Kim

  • Timelord
Re: Woodburning camp stoves
« Reply #181 on: August 07, 2012, 02:32:16 pm »
But it doesn't say it's downdraft - the description fits with what I suspected yours did - burn upwards with an injection of more oxygen near the top.  You might be able to test which is true with some kind of cunning blocking arrangement to force the outside area to ingest air from outside rather than stuff potentially coming down the middle.

I agree.  I can't see how the convection of gas between the walls would be stronger than that heading upwards from the primary fire, to the point where it would invert the flow.  I reckon the way to test it would be to sample the gas mixture between the walls and test for combustibility, but I haven't been allowed near gas syringes since that year 9 hydrogen incident...
Careful, Kim. Your sarcasm's showing...

Charlotte

  • Dissolute libertine
  • Here's to ol' D.H. Lawrence...
    • charlottebarnes.co.uk
Re: Woodburning camp stoves
« Reply #182 on: August 07, 2012, 02:33:48 pm »
But it doesn't say it's downdraft

Fair point.
Commercial, Editorial and PR Photographer - www.charlottebarnes.co.uk

Re: Woodburning camp stoves
« Reply #183 on: August 07, 2012, 02:36:37 pm »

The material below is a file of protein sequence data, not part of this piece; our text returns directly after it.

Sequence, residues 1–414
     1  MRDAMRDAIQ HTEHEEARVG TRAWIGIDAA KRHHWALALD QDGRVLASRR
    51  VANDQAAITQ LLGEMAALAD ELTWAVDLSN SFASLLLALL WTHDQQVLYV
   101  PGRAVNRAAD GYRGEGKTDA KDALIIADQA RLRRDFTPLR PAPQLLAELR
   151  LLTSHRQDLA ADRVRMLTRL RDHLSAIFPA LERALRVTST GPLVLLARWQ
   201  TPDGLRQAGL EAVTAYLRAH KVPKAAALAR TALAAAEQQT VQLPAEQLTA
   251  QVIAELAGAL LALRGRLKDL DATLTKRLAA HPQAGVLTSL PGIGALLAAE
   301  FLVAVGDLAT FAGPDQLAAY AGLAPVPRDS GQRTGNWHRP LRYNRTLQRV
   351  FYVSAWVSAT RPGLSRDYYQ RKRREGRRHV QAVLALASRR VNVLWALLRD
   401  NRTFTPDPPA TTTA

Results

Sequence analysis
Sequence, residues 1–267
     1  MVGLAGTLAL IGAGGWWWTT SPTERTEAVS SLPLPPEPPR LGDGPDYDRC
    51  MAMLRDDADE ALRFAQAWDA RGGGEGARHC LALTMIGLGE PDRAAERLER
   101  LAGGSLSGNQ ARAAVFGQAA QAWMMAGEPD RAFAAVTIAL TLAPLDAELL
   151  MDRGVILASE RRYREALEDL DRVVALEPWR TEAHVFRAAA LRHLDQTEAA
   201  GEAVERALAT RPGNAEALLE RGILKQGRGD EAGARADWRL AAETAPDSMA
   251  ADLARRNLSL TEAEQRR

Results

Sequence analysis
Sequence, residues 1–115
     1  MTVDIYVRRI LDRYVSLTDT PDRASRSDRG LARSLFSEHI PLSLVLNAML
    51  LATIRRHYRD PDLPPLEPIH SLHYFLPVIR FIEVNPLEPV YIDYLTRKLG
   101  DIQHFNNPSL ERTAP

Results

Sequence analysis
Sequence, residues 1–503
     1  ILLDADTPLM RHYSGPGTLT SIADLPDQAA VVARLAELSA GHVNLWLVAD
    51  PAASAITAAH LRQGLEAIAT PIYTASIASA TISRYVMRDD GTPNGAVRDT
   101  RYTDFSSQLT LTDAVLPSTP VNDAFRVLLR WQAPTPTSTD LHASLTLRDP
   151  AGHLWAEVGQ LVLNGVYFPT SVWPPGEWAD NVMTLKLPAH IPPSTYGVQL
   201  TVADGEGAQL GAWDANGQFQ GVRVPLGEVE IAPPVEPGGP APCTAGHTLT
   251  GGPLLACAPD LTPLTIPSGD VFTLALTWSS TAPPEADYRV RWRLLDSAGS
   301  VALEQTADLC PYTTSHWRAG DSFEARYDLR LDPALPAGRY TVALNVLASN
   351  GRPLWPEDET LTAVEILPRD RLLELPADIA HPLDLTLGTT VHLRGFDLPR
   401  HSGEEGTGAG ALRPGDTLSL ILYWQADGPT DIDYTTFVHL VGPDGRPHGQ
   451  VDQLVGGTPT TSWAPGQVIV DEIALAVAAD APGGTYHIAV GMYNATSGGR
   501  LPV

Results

Charlotte beat me!

I used one as the only heat source on a recent trip. I set off with some wood and scavenged enough from the surrounding area. To get it going I used Flamers firelighters www.certainlywood.co.uk. they are easy to light (even with a spark) and burn fast and hot. I took a Light My Fire sparker rod; this inspired E Minor to do all the firelighting while I did something else.

I think that it is not a downdraught stove, rather a secondary combustion job. I got lots of smoke: some of my pieces of wood were too long and burned above the gas flame,therefore giving off sooty smoke. I also used wood that was a bit thin compared with Charlotte's fuel. I guess that the ideal size  is about the same as a man's thumb.

It certainly packs small; stove, tinder, lighting tools and two pans in the same volume as a Trangia.

It worked well for brews and pasta and was acceptable for vegetables. When I get the hang of fuelling it properly, it will work very well for me/us. It is worth considering a light axe and small saw for fuel preparation.

clarion

  • Tyke
Re: Woodburning camp stoves
« Reply #184 on: August 07, 2012, 08:25:08 pm »
Now there's a lovely little thing!